Business leaders from Japan and the Philippines, my fellow workers in government—a pleasant afternoon to all.

As President Marcos has highlighted on several occasions, the Philippines is on a path to solid recovery from the COVID-19 pandemic. Our country is moving toward robust economic expansion. Vital to our government’s efforts is engaging investors from the private sector—like many of you—so we may encourage you to consider and find the Philippines to be a place where your businesses can thrive. For a long time, our economic growth has been consumer-driven. Now, our goal is to achieve an investment-led economy that brings shared prosperity to all Filipinos. We seek to harness foreign direct investments as drivers of export growth, sources of vital technology, and critical enablers of the country’s long-term climate action.

To achieve our mission, we have set out on a path to industrialization. We are building modern and dynamic industries driven by science, technology, and innovation (STI). We are keen on investments that bring in advancements in STI.

With STI, Philippine industries can become more productive, and can better compete in the market, be it domestic or global. STI enables improved efficiency, new industries, and new goods and services. In turn, these new industries create higher quality, more stable, and better-paying jobs for our people. Globally competitive and innovative industries support our country’s inclusive growth, improve its environmental sustainability, and generate business and livelihood opportunities.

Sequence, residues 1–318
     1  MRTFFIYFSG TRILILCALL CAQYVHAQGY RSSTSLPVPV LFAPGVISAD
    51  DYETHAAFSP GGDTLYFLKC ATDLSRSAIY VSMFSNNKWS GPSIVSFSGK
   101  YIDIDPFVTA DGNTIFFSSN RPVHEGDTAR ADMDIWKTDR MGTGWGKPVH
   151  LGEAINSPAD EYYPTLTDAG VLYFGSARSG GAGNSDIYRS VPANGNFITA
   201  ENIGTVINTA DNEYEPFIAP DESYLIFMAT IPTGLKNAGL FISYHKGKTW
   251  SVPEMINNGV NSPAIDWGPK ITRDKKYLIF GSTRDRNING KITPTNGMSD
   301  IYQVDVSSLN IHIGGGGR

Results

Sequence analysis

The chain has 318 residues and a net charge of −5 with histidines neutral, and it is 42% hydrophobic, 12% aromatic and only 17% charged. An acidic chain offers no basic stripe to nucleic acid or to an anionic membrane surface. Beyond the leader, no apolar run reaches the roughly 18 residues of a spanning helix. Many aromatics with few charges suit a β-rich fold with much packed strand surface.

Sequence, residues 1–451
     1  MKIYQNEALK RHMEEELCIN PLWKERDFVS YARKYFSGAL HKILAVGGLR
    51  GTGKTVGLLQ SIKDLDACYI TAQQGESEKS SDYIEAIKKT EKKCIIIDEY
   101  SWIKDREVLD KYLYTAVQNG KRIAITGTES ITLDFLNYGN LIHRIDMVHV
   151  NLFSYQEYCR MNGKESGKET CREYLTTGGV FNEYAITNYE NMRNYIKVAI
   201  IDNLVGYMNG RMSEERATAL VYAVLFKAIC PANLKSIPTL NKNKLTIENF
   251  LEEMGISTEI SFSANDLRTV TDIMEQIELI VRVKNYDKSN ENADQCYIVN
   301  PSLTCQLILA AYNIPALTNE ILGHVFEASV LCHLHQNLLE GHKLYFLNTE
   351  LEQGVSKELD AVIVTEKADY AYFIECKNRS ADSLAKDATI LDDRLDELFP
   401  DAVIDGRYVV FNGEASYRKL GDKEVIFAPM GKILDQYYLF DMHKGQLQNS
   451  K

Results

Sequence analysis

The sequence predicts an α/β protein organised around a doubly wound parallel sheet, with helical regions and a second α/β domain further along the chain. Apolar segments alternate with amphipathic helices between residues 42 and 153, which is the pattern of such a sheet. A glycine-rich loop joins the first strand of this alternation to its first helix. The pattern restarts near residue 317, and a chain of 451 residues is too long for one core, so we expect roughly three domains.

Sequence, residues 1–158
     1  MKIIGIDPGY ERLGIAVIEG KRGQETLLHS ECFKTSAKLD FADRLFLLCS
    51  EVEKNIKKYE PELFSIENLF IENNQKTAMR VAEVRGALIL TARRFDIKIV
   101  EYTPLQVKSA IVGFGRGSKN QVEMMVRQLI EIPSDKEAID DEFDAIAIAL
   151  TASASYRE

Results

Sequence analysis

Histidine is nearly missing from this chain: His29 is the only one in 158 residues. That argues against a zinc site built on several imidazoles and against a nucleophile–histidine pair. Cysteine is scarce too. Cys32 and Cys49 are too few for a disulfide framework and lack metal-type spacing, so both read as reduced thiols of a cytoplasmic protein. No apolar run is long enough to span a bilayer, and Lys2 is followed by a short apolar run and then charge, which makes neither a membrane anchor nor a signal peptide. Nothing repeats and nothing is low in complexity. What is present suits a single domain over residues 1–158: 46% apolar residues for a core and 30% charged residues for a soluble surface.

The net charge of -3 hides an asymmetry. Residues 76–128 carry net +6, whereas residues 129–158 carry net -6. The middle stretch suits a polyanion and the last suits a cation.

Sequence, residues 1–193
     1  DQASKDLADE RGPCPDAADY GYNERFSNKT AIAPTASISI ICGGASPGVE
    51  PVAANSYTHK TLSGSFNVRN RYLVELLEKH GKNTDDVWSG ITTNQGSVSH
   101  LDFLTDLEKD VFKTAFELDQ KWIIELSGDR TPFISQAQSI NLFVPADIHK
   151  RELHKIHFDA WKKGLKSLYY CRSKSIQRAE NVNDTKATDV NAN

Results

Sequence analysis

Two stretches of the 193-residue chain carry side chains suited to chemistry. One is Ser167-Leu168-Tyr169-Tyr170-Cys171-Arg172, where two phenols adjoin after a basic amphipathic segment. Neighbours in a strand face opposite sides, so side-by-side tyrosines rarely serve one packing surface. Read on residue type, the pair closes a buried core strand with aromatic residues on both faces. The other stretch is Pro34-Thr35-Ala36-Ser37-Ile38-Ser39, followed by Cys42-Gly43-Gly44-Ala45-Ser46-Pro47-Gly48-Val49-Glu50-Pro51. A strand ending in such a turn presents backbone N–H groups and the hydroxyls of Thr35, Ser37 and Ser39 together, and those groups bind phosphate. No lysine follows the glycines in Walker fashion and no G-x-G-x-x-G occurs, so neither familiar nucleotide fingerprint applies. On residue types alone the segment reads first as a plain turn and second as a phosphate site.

To a great extent, Japan has helped boost business confidence and economic activity in the Philippines. Our two countries have had strong investment and trade relations. In 2021, Japan was the Philippines’ second major trading partner. In the same year, it was also our third export market and second import supplier.

Our trade in goods with Japan would not have been actualized without science, technology, and innovation. Among the Philippines’ top imports from Japan in 2021 were digital monolithic integrated circuits; and materials, accessories, and supplies for the manufacture of electrical and electronic machinery, equipment, and parts. In the same year, Japan was a destination for the Philippines’ ignition wiring sets, other wiring sets of a kind used in vehicles, aircraft, and ships; and digital monolithic integrated circuits.